Illinois Republicans have been saying ever since a state budget deal was announced by the majority Democrats that not enough money was appropriated for Fiscal Year 2024 to pay for the new AFSCME [American Federation of State, County, and Municipal Employees] Council 31 employee union contract. Some have even predicted that the contract plus other spending pressures, including health-care for undocumented immigrants, will eventually lead to a tax hike.

Governor JB Pritzker said in June, weeks before the contract was finalized, that the GOP claim was “one of those false things that Republicans like to say about the budget.” In fact, he said, “We built in what we thought might be the appropriate amount of money for what we expect from that AFSCME negotiation.”

The contract ended up with a Fiscal Year 2024 price tag of $204 million (the Republicans had predicted costs of $200-300 million). So, where is that money in the budget, which passed a month before the negotiations ended?

I turned to Carol Knowles, who is the Deputy Director for Communications at the Governor’s Office of Management and Budget (GOMB).

“The agencies officially did not budget for COLAs [Cost-of-Living Adjustment] in their budget submissions,” Knowles said via e-mail of employee cost-of-living raises. And she said her office didn’t give the agencies any guidance about the topic, either, “as that would be not respectful of the labor negotiation process by indicating ahead of time what number the administration was willing to pay.” It also wouldn’t be smart negotiating to tip the state’s bargaining hand in advance, but she didn’t say that.

Because the cost increases weren’t submitted to the legislature, “some lawmakers may have interpreted that as ‘there is no money in the budget for the union contract,’” Knowles said.

But, Knowles continued, “there was cushion in agency budgets to assist them in managing in the new fiscal year.”

Knowles explained that GOMB “spends most of the year building and planning for upcoming fiscal-year agency budgets, and have a lot of knowledge regarding individual agency spending patterns, hiring patterns, lag-time to hire and appropriation flexibilities, that sort of thing, and work with agencies to estimate when/if in a fiscal year people will be hired, how many will retire, and what the new folks will earn, etc.”

So, she said, “early in the budget building process last fall for Fiscal Year 2024, one of the things GOMB did was work to identify what the cost of a one-percent COLA for AFSCME employees might mean for each individual agency. We could scale that number when we needed to. That data would then give us a good basis/knowledge going into the spring session.”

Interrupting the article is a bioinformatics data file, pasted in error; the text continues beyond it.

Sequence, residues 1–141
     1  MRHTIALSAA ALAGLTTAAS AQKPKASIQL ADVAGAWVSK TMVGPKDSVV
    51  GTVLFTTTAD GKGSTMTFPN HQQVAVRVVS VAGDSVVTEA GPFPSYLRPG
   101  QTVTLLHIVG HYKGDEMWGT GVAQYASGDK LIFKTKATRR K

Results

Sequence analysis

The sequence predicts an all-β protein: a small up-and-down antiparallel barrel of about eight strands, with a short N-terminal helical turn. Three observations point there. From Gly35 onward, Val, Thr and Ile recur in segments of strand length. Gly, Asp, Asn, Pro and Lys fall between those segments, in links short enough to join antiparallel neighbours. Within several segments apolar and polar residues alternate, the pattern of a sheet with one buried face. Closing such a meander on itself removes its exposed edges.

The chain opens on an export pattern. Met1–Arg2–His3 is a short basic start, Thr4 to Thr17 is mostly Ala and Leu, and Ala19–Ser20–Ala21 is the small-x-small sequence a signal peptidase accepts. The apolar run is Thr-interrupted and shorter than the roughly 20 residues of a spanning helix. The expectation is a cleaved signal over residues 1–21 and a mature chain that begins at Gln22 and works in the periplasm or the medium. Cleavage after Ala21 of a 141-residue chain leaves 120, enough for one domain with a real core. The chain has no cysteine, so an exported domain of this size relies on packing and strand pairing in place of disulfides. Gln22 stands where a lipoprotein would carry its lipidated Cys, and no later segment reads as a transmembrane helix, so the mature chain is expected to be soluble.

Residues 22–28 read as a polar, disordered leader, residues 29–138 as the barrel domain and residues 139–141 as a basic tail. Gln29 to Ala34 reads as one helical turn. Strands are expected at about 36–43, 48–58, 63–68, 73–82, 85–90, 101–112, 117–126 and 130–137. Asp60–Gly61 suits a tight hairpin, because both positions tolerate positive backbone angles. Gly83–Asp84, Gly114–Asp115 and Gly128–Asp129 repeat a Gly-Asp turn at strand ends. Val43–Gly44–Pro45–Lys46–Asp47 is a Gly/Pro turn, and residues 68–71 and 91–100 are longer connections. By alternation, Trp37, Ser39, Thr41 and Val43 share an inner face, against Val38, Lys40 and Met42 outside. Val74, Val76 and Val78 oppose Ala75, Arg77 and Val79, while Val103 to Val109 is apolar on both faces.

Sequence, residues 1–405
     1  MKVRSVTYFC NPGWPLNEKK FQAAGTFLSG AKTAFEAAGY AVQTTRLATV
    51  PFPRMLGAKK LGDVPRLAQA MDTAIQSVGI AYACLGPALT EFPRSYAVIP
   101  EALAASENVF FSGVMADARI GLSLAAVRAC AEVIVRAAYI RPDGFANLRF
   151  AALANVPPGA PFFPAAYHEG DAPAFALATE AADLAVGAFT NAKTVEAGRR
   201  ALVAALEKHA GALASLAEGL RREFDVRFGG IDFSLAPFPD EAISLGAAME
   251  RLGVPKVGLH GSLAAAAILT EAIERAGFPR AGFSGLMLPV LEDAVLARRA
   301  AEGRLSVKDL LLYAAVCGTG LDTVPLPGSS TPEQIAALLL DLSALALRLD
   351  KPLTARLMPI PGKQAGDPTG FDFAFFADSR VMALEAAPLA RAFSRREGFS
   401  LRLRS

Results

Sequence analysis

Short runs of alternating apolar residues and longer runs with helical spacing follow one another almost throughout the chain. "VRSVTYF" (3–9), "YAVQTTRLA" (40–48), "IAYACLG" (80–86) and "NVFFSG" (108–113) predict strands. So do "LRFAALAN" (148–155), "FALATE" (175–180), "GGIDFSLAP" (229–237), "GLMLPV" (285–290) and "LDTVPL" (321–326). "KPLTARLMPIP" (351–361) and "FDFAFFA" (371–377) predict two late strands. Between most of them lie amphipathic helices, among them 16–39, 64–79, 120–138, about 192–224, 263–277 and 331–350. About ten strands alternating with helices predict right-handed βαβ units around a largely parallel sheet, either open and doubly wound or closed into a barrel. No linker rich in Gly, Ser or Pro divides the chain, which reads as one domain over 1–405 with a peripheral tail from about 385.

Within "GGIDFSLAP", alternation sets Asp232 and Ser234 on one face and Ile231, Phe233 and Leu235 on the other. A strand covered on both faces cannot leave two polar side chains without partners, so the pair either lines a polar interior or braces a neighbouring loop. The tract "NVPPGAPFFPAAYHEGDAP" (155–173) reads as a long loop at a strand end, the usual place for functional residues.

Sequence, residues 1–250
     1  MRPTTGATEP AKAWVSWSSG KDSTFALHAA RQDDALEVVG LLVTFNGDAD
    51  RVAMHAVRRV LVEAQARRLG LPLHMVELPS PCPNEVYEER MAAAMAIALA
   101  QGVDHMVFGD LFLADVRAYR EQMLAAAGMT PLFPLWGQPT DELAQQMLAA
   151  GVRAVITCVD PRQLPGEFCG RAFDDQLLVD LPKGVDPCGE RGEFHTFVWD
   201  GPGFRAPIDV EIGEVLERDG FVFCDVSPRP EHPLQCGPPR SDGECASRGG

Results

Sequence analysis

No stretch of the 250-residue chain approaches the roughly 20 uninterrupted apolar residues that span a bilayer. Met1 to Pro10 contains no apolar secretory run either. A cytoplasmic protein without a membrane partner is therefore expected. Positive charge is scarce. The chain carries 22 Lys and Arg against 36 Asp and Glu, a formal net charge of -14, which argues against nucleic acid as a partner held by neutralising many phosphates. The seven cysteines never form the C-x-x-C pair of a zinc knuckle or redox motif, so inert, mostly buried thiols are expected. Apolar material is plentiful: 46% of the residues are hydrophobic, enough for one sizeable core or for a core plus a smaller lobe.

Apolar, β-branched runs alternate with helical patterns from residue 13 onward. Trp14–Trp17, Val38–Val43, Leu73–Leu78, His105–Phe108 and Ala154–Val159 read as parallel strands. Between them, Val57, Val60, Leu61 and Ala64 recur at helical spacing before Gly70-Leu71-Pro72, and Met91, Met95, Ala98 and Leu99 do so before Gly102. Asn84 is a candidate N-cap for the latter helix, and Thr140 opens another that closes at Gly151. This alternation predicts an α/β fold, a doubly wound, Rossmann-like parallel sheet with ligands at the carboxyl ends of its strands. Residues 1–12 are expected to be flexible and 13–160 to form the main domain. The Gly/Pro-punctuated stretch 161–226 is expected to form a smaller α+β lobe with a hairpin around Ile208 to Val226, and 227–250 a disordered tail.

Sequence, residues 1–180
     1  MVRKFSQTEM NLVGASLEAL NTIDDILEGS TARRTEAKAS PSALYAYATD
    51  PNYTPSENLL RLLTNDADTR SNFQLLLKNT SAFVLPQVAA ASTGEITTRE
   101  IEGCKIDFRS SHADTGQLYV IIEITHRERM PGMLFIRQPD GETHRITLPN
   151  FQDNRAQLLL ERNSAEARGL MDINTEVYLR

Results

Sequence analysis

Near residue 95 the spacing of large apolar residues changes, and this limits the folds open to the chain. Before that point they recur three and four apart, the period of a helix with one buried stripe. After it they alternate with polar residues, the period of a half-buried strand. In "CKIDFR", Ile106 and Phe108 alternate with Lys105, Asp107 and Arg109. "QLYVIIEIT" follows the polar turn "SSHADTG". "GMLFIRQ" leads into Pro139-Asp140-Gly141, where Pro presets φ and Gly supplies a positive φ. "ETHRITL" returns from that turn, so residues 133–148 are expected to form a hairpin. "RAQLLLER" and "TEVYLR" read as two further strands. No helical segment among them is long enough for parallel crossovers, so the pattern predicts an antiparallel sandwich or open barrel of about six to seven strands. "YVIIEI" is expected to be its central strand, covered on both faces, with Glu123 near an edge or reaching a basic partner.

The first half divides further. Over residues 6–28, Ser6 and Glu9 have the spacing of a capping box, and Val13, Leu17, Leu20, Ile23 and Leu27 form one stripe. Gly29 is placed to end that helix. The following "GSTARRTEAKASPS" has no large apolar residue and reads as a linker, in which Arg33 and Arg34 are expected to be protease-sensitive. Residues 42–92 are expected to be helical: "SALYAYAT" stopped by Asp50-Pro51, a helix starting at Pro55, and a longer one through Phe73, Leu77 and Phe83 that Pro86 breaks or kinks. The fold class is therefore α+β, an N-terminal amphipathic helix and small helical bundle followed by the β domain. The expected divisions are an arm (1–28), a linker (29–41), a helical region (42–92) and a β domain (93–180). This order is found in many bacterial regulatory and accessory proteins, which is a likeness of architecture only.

Knowles continued that they put some “additional funding/flexibility” into the Governor’s budget proposal in February beyond cost-of-living increases.

I had zero luck getting any actual numbers from the budget office, but Knowles did provide a hint, saying part of what they did earlier this year “was provide more flexibility than in a typical year on various assumptions we use to build the personal-services budget,” to help the agencies “absorb some of the likely costs that would be associated with a new contract.”

They then shifted more salary dollars around in the final budget package, she said. And then they gave the agencies even more flexibility by allowing them to repurpose up to eight percent of their operating budget for other uses. “So, while we didn’t know the dollar amount that would be needed, we believe we have put good tools in place to allow agencies to be able to manage much of the first-year impact,” Knowles said.

Now that the contract has been ratified, Knowles said, “we will be working with the agencies to determine whether our various assumptions will work for the agencies.”

I asked for more specifics of how the “cushion” was built. “Increased appropriation authority was added to various lines,” was all Knowles replied.

Okay, so the bottom line is we still don’t know where that money was stashed in order to create a “cushion” for agencies. A little extra appropriated here and there, particularly for salaries, is what it looks like.

Allowing agencies to transfer up to eight percent of their appropriations between line items is also key. That money can be moved around to pay for 22 different categories of spending, including personal services, pension contributions, group health insurance, etc. So, they basically could’ve padded just about anything.

I assume the budget office refused to reveal much because it would provide keys to legislators and others to figure out how they do the voodoo they do. But this is beyond opaque.


Rich Miller also publishes Capitol Fax, a daily political newsletter, and

Support the River Cities' Reader

Get 12 Reader issues mailed monthly for $48/year.

Old School Subscription for Your Support

Get the printed Reader edition mailed to you (or anyone you want) first-class for 12 months for $48.
$24 goes to postage and handling, $24 goes to keeping the doors open!

Click this link to Old School Subscribe now.

Help Keep the Reader Alive and Free Since '93!


"We're the River Cities' Reader, and we've kept the Quad Cities' only independently owned newspaper alive and free since 1993.

So please help the Reader keep going with your one-time, monthly, or annual support. With your financial support the Reader can continue providing uncensored, non-scripted, and independent journalism alongside the Quad Cities' area's most comprehensive cultural coverage." - Todd McGreevy, Publisher